Any business that advertises on Facebook wants eyes looking at its ads and then fingers clicking on them. Facebook gets paid based on how many clicks that ad receives – effectively, on how many users it can send to a particular brand.
On Monday came an explosive claim that could give pause to brands trying to figure out if advertising works on Facebook. A Long Island start-up company said it was pulling its ads from the social network because it discovered that its ad clicks were far more likely to be coming from Web robots – or bots, as they are known — than human Facebook users.
The company, called Limited Run, helps bands and record labels sell music and merchandise online. It bought advertisements for itself on Facebook this spring. It wanted to know who was clicking, so it built its own analytics tool. It discovered that only one in five clicks seemed to be from human beings. The rest, it said, came from bots, which, in essence, are bits of software performing automated tasks.
The claim resurrects an issue that the social network has faced before – the scourge of bot farms – but it comes at a particularly inopportune time, when Facebook, now that it is a public company, is trying to increase advertising revenue to assuage shareholders. One of its nagging challenges is to prove to advertisers, big and small, that Facebook advertising yields results. News of robots doesn’t help.
Facebook has said that 5 to 6 percent of its nearly one billion users could be fake, and it scours the site regularly to get rid of them. The company did not immediately respond to a query about the Limited Run accusations.
Debra Williamson, an analyst with the market research firm eMarketer, says bots and spammers are an unfortunate byproduct of Web advertising. “Most advertisers should use additional analytics to determine more information about who is actually responding to their ads,” she said. “Many advertising technology companies that place ads on Facebook offer these kinds of services. As businesses get smarter about targeting and bidding on ads on Facebook, the likelihood that they will get bogus ad clicks will diminish.”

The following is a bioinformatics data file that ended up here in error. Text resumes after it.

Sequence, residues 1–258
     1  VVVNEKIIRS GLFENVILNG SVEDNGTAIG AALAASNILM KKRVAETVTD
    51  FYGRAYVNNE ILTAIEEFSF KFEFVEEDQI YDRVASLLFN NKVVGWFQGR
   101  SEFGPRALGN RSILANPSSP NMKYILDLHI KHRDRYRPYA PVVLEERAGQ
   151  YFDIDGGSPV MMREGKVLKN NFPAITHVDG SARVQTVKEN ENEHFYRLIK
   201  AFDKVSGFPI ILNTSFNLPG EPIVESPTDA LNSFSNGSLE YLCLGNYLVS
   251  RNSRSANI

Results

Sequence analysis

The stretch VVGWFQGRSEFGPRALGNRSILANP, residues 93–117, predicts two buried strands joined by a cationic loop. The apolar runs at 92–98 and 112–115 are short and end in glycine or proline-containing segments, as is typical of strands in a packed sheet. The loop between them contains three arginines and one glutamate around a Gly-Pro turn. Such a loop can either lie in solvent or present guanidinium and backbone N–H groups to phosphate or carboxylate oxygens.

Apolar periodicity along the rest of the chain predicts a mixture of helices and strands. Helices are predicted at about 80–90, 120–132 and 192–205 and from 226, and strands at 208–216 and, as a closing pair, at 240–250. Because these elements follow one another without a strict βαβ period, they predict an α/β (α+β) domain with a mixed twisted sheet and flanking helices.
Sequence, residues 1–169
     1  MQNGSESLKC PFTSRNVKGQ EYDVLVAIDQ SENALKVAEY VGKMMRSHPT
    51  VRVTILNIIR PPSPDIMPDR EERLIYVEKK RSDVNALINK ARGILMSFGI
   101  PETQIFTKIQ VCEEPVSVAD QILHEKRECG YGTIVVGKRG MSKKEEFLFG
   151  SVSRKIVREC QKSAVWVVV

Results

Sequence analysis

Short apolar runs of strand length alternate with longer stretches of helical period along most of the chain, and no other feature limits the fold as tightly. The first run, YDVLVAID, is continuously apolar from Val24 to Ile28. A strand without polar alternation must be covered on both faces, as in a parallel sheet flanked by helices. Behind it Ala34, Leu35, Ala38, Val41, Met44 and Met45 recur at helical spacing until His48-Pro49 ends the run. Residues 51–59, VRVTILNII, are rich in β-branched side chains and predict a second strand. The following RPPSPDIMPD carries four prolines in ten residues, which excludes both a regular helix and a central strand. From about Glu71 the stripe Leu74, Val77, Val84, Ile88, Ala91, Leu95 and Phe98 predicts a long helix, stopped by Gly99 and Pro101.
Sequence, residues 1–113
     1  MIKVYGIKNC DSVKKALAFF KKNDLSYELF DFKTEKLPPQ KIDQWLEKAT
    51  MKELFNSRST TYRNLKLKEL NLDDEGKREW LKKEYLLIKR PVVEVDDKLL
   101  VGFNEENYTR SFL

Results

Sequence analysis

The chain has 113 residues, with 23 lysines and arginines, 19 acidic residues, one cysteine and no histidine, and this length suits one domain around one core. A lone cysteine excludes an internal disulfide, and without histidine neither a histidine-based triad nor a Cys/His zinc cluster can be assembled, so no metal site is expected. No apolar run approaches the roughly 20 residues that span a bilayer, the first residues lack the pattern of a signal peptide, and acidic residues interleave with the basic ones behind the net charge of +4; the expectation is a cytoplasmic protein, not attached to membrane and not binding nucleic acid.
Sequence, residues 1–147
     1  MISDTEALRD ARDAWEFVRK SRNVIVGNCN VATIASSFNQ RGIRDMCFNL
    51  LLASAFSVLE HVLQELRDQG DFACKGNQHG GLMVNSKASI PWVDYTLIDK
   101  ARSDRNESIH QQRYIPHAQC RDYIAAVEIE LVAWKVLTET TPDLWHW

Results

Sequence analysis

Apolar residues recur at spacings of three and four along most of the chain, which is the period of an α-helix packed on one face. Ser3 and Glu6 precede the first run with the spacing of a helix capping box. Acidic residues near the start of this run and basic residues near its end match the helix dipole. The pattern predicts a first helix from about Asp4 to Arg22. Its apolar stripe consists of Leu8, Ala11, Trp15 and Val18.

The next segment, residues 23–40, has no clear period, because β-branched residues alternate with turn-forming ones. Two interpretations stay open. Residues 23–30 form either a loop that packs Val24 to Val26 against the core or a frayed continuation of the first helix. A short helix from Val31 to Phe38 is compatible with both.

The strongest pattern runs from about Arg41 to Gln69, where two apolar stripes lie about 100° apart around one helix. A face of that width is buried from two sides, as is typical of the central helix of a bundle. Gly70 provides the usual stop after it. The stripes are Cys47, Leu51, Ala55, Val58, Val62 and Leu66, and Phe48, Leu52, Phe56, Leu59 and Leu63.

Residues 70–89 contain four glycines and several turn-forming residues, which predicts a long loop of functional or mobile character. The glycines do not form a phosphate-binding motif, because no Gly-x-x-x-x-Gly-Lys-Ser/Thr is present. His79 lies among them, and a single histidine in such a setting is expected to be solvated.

Dennis Yu, chief executive of BlitzMetrics, which develops and crunches the numbers for Facebook advertisers, says he often sees less than a 10 percentage point difference between the clicks that an ad actually gets and what Facebook reports.
Tom Mango, a co-founder of Limited Run, said Monday that he had devoted his modest advertising budget to Facebook and that the revelation of bogus ad clicks were enough to get him to suspend it for now.
“If we’re going to spend money on advertising, we want to make sure people are looking at us,” he said. “If a bot visits us through a Facebook ad, that costs us money. That ends up being not worth it to us.”
He said he had no idea who had created the bots, and he took pains to say he wasn’t blaming Facebook.
“Do we know who the bots belong too? No,” the company wrote on its blog. “Are we accusing Facebook of using bots to drive up advertising revenue. No. Is it strange? Yes.”
Limited Run seems to have had another gripe with Facebook. It changed its company name – it called itself Limited Pressing in the past – but faced difficulties in changing the name on its Facebook brand page. The one big upside for the company was this: Since Monday’s blog post, its followers on Facebook have doubled to 800 people.
Mr. Mango is now weighing whether the company should spend its advertising budget on Twitter.